A Giveaway System
In this example, you are a garden tool retailer. You email a few people on your opt-in list and tell them they qualify for a free packet of seeds. You give them a link to a choice of 10 or twelve types; let them choose the ones they want. You then send out the free seeds with some sales material - you tell them to tell their friends to claim a packet of seeds in the same way by hitting the web site. You may lose money on the seeds, but could be the first company they will think about when they see that sunflower in their garden. They may think of you when their shovel breaks. If not seeds, send something else. You do not have to send out expensive items. Seeds as in the example will go in the mail with a few flyers and a small catalog.
A Discounting System
What if the free thing that you are spreading is a discount for your product or service? In my opinion, this is the most effective method to tying sales to your viral marketing system. For example, let's say that you sell computer training manuals. You send a note to your opt-in email list, go to this website and sign up for a 20% off coupon on any book sale. When they hit the site, encourage them to refer this offer to a friend, where they can enter a friend's email address in order to send them the 20% off offer as well. Ensure that the person who is doing the sending does not get a discount just for sending, but only for signing up. When the friend signs up, they can do the same to their friends. Don't worry about the amount of coupons this type of campaign eventually generates: every coupon which goes out could lead to a sale so the more, the merrier.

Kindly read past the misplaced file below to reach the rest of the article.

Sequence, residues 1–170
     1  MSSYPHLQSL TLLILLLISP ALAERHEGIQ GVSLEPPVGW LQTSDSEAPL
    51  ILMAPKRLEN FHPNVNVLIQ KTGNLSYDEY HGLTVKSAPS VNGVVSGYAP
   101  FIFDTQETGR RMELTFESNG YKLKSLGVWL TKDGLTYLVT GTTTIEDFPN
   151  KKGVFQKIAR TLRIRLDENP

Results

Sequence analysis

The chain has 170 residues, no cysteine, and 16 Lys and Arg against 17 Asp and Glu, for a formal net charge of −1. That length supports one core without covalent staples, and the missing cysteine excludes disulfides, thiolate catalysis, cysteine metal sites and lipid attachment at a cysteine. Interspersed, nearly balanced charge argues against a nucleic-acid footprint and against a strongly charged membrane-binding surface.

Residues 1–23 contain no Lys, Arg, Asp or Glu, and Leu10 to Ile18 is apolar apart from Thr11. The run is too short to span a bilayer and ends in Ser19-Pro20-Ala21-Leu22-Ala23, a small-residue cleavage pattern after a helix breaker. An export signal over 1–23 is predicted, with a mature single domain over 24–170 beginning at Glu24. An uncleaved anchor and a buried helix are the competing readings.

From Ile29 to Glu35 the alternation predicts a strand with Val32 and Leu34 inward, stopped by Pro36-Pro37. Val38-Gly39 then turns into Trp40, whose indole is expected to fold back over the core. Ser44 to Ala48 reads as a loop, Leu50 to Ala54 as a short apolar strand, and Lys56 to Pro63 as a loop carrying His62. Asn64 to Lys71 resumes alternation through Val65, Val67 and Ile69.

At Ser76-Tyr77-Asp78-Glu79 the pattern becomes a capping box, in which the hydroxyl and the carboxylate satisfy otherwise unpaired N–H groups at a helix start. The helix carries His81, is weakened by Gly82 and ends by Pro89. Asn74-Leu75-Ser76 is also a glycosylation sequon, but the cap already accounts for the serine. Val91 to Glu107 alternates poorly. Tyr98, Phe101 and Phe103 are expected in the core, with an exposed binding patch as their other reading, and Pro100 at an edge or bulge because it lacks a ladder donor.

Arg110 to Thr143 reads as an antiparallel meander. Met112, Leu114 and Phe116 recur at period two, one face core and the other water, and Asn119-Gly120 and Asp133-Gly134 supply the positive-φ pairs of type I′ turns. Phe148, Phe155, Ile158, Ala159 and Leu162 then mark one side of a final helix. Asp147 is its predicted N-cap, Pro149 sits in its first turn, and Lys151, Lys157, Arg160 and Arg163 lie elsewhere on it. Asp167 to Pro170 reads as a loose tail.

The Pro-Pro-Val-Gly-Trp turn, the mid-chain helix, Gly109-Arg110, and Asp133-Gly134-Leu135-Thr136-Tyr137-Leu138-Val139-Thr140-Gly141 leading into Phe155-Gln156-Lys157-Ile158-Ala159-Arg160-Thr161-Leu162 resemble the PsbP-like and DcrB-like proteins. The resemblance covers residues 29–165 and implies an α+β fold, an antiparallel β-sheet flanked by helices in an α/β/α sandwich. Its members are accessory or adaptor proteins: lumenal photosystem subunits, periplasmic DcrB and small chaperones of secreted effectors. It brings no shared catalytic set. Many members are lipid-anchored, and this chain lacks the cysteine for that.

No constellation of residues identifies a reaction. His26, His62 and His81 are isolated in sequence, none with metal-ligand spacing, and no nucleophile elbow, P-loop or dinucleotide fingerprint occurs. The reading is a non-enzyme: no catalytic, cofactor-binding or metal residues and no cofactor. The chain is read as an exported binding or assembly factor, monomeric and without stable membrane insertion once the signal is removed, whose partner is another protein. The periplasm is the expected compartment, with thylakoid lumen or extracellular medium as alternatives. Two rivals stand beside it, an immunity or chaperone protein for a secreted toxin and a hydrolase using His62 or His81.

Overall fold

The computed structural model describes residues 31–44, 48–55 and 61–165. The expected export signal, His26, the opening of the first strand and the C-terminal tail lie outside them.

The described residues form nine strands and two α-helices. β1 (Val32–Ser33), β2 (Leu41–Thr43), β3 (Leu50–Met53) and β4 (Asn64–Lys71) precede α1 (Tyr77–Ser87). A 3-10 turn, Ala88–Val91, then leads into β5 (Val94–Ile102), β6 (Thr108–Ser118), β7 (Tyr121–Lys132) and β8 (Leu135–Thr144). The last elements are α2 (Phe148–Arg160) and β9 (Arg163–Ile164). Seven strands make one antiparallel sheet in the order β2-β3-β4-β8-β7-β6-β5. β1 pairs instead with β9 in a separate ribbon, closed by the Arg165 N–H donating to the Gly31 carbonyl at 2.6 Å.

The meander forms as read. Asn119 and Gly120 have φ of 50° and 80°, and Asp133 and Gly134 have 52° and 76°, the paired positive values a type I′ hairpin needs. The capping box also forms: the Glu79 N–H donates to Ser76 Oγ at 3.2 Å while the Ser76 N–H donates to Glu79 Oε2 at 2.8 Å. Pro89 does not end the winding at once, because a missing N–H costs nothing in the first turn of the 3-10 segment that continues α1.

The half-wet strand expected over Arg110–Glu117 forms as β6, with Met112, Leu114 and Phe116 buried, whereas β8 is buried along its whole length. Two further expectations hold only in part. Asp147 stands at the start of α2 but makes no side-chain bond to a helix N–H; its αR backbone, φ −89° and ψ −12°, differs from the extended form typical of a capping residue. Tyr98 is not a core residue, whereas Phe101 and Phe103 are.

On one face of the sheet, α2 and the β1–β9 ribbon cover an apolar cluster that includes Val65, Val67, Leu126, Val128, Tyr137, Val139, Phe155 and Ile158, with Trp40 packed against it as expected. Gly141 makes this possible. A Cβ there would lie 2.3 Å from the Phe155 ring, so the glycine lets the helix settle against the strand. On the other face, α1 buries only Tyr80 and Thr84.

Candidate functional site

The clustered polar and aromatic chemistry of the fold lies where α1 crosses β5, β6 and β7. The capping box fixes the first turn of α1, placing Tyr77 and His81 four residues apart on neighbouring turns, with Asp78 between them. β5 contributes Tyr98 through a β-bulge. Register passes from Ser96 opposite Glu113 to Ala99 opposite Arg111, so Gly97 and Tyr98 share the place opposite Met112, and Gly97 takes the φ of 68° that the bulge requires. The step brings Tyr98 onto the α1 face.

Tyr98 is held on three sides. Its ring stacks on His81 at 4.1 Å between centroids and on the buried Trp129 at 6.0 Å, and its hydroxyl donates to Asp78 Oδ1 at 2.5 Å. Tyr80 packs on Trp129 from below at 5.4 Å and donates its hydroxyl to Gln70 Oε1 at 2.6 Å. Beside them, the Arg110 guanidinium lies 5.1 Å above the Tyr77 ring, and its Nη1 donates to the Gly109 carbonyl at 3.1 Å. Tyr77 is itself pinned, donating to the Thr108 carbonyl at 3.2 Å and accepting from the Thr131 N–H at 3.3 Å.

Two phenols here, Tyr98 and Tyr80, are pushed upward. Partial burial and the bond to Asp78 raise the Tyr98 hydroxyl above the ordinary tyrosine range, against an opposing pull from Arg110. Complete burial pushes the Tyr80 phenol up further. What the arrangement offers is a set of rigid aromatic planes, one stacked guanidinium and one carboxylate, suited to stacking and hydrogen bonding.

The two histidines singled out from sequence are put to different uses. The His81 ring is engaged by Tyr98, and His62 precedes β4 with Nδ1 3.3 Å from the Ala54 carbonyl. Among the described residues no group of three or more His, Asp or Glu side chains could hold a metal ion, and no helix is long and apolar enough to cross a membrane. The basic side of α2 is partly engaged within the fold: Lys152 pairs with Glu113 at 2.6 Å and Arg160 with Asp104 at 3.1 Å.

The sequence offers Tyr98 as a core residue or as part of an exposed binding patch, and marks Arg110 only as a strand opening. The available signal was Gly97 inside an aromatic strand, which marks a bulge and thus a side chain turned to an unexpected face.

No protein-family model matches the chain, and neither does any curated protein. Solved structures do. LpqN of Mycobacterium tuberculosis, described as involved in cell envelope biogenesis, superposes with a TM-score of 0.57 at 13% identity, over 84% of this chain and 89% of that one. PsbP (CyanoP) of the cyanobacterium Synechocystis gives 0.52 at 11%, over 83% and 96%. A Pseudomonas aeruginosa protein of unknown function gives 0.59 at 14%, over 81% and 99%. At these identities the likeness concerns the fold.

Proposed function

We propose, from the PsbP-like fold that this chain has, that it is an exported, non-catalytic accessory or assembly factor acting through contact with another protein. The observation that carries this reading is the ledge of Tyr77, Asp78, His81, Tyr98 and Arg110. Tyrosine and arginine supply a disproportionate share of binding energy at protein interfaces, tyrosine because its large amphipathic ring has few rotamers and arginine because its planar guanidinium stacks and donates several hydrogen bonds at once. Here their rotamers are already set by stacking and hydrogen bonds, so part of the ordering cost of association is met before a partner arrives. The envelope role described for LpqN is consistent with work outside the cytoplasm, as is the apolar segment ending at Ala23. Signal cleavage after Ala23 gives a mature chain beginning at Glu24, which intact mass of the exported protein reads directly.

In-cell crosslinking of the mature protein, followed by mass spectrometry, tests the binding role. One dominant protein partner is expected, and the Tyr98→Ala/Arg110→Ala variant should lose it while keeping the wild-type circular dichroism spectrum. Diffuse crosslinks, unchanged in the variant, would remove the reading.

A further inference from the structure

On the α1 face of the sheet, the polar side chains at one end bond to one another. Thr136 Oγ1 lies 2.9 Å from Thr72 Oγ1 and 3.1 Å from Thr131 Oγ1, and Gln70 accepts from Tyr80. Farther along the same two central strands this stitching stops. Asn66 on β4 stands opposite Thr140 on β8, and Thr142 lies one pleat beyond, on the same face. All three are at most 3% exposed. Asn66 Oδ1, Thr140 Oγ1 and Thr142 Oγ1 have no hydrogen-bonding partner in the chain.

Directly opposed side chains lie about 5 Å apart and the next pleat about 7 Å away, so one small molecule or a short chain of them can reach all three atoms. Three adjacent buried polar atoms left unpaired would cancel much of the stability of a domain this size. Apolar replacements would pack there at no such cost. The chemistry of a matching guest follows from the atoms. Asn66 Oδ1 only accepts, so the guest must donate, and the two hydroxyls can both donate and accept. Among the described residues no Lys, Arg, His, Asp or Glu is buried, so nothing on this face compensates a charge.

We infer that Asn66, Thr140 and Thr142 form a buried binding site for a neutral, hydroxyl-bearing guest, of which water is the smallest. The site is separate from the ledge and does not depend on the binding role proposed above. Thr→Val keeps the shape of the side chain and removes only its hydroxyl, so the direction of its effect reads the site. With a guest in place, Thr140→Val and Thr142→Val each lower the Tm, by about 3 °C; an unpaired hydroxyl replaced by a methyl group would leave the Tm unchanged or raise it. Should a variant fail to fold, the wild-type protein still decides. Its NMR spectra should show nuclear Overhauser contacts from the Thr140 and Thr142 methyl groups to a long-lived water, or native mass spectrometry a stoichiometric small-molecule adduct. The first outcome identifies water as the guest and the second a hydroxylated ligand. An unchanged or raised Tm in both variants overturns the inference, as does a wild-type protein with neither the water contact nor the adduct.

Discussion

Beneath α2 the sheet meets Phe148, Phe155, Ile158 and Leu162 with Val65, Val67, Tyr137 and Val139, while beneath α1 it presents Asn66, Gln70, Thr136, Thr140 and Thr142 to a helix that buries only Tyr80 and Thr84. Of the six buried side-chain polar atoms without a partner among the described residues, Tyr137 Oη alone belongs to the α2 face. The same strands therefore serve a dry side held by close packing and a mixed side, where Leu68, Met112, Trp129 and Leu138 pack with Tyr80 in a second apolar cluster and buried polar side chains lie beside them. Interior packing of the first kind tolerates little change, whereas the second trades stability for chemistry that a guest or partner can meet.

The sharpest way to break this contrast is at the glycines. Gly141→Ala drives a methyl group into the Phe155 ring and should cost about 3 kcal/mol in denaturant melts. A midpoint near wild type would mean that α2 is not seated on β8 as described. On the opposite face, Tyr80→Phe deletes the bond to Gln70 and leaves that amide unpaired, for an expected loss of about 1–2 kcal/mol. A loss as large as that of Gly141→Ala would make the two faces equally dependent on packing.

Not every product or service can be sold via viral marketing. Viral marketing sometimes involves an expense but when used effectively, it can reduce your costs. Remember that viral marketing is NOT about making more sales, but a branding exercise. It doesn't have to be a product that is custom designed to spread virally, it just has to be something worth talking about.
Copyright © 2002 Chris Kalaboukis
Chris Kalaboukis is CTO of SwapSmarts. Chris has 17+ years of experience in internet, information technology and business development with web design, wireless, high-speed internet, cable television and entertainment firms.